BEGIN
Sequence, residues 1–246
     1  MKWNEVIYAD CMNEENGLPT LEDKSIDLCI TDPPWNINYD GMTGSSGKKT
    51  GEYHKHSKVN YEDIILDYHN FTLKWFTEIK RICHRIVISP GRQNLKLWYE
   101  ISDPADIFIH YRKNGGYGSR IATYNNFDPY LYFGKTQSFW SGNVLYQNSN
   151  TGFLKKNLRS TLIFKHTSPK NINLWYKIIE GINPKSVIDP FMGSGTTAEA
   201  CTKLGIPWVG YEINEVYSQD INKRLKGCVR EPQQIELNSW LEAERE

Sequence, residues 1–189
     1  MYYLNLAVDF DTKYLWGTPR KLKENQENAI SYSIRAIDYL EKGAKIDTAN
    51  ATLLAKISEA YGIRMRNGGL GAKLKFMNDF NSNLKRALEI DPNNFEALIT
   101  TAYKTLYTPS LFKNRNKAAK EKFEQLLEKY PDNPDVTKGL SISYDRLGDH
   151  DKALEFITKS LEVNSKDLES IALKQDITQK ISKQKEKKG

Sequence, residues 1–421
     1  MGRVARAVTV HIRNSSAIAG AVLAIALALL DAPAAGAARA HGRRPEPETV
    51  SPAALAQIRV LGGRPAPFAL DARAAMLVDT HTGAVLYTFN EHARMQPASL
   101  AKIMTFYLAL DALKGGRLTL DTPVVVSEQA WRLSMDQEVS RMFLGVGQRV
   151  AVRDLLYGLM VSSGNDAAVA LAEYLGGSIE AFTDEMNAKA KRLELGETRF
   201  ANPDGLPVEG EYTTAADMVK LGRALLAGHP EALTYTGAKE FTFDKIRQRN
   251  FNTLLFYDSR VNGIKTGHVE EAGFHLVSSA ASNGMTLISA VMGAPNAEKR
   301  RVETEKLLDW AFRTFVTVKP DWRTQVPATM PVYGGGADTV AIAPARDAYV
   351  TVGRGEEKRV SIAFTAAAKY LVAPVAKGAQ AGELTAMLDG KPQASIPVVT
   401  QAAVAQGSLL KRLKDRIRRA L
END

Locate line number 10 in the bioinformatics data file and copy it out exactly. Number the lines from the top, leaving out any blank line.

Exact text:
   101  TAYKTLYTPS LFKNRNKAAK EKFEQLLEKY PDNPDVTKGL SISYDRLGDH